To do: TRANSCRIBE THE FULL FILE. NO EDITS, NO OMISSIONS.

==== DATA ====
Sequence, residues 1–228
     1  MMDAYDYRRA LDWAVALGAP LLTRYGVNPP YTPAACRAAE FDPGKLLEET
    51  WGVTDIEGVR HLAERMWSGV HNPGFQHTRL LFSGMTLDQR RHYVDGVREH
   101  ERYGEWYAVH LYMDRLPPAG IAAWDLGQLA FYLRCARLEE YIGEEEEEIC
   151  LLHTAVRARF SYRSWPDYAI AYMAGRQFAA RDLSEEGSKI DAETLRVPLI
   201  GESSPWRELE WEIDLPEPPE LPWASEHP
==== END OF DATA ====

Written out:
Sequence, residues 1–228
     1  MMDAYDYRRA LDWAVALGAP LLTRYGVNPP YTPAACRAAE FDPGKLLEET
    51  WGVTDIEGVR HLAERMWSGV HNPGFQHTRL LFSGMTLDQR RHYVDGVREH
   101  ERYGEWYAVH LYMDRLPPAG IAAWDLGQLA FYLRCARLEE YIGEEEEEIC
   151  LLHTAVRARF SYRSWPDYAI AYMAGRQFAA RDLSEEGSKI DAETLRVPLI
   201  GESSPWRELE WEIDLPEPPE LPWASEHP